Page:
I am grateful to Donald Nathanson, M.D. for teaching me about the complex range of human responses to feelings of shame, and describing the universal triggers to shame. Shame is a very painful and powerful emotion. According to Dr. Nathanson, it typically follows a moment of exposure, and this uncovering reveals aspects of ourselves of a peculiarly sensitive, intimate, vulnerable nature. Shame may also occur when interest and enjoyment are diminished but not completely terminated.
What one is ashamed about clusters around several issues:
- I am weak, I am failing in competition.
- I am dirty, messy, the content of my self is looked at with disdain, disgust and dissmell.
- I am defective, I have shortcomings in my physical and mental makeup.
- I have lost control over my bodily functions and my feelings.
The trigger of shame between two people is the breaking of a “bond” or “bridge” during which we feel cut off from our fellow human beings.
The three ways in which humans trigger shame in each other are through:
- Treacherous treatment
Unhealthy Response Styles To Feelings Of Shame
Displayed is a graphic depiction of the “Compass of Shame”, designed by Donald Nathanson, M.D., to help us understand how we may unhealthy respond, when we experience a moment of shame.
- Attack Others- This means that we display hostility towards someone else, who was not involved in the shaming moment.
- Attack Self- This means that we become too harsh on ourselves, and become intensely blaming of ourselves for everything.
- Avoid- This means that we run away from the person who shamed us, or stay away from the setting in which we felt shamed.
- Deny Wrong Doing-This means that we deny feeling ashamed, or try to act like the moment of shame didn’t bother us.
Envy and Jealousy
Feelings of envy and jealousy are often rooted in feelings of shame. Both involve feelings of shame, and loss of self-esteem.
Envy may be triggered when you encounter someone who has something, either within yourself or a possession, that you lack. Envy is connected with feelings of inferiority, negative feelings towards a person who has what you want, and a nagging feeling of longing for those missing qualities within yourself, or possessions, that you feel are lacking or missing.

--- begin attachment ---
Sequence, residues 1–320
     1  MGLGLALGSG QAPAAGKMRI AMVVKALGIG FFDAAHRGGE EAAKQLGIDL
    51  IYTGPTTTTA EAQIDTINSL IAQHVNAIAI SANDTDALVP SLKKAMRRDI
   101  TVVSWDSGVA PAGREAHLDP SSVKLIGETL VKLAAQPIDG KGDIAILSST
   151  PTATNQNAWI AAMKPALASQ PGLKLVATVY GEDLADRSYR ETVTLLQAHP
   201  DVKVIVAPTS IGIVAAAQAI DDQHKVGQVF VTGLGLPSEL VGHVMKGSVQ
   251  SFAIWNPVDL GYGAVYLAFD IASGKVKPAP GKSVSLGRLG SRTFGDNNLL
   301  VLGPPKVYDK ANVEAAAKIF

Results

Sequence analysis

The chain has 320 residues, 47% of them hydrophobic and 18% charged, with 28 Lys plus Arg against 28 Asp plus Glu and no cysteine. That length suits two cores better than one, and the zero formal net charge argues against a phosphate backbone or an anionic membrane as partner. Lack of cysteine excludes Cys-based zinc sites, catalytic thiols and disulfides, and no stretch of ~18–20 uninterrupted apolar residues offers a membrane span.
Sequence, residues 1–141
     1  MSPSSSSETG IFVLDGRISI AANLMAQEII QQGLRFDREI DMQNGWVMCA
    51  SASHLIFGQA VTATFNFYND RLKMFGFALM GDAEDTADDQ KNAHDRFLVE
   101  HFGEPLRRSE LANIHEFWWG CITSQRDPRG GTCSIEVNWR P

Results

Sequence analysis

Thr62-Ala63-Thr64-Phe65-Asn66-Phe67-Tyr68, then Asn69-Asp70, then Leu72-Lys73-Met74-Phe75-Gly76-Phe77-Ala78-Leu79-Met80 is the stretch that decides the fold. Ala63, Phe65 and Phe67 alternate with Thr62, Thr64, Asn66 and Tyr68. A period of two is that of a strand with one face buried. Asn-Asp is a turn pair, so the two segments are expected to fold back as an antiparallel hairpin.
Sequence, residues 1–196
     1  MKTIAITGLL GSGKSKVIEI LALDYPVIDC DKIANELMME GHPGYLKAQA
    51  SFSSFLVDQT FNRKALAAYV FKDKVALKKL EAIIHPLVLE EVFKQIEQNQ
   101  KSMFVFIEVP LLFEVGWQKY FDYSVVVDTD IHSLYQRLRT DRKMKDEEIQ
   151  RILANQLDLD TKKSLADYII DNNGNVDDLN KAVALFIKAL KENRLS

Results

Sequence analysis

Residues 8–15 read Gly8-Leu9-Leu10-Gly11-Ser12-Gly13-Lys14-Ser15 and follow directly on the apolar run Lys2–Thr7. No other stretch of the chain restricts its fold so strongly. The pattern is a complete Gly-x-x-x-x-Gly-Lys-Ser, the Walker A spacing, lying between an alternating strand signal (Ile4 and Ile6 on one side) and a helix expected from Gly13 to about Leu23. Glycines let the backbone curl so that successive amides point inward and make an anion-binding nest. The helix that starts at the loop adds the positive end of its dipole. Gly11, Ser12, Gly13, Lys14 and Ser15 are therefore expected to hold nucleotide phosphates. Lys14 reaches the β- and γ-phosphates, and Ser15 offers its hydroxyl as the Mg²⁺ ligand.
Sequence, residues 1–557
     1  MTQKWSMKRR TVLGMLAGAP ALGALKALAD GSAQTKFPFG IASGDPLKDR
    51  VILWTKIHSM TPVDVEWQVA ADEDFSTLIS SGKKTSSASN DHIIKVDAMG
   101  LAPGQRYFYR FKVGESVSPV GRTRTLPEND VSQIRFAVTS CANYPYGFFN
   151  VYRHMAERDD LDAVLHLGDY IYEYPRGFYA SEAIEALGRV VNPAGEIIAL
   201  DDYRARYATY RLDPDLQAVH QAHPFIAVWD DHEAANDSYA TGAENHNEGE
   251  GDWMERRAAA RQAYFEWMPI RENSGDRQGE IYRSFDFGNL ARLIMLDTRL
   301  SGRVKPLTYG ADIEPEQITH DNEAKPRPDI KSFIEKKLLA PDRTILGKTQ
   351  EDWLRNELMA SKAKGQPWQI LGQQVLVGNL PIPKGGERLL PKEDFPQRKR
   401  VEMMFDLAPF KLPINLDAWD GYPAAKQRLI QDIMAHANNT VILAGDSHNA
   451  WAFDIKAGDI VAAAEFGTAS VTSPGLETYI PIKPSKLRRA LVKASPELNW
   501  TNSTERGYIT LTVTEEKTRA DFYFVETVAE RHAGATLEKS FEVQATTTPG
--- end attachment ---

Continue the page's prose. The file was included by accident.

Those who feel envy often know that it is not socially acceptable. Likewise, it is not unusual for the envious person to feel happy or relieved when the envied person looses what was prized.
Jealousy, on the other hand, is concerned with the potential loss of a valued relationship that you already have, or loss of an opportunity to gain a relationship that you want to have. In contrast to envy, certain expressions of jealousy are socially acceptable. Often there are painful feelings of anger, fear of loss, hurt , and a wish to get even with someone.
Often times envy, and jealousy can be experienced at the same time.. For example, the circumstances that trigger jealousy of one’s partner may then lead to comparing oneself with one’s rival, then leading to envy of the rival. Likewise, feeling envious of someone may lead to judging someone as a rival for one’s partner, and lead to feeling of jealousy towards your partner.
Shame and Lying
Many, but not all forms of lying have their roots in shame. One classification scheme for lying, detailed in the book, “Lies, Lies, Lies, The Psychology of Deceit”, by Charles V. Ford, M.D.) is as follows:
The Type of Lie……….The Reason Behind the Lie
- Benign……….To smooth social relationships
- Compensatory……….To impress others
- Defensive……….To escape from a difficult situation
- Gossip……….To circulate rumors maliciously
- Implied……….To mislead by part truths
- Malicious……….To deceive for personal gain
- Pathological……….To lie self-destructively
The Content Of An Apology
Historically, people have avoided apologizing for misbehavior because of issues of pride and the wish to avoid feelings of shame. We have now come to learn that apologizing provides emotional benefits to those who give and receive them. A sincere apology consists of five core components:
- The wrongdoer must confess to the offense with a clear statement of the hurt inflicted.
- The wrongdoer must describe why they hurt the injured person.
- The wrongdoer must express regret about their behavior.
- The wrongdoer must promise to never hurt the injured person again.
- The wrongdoer must offer some form of compensation to the injured person.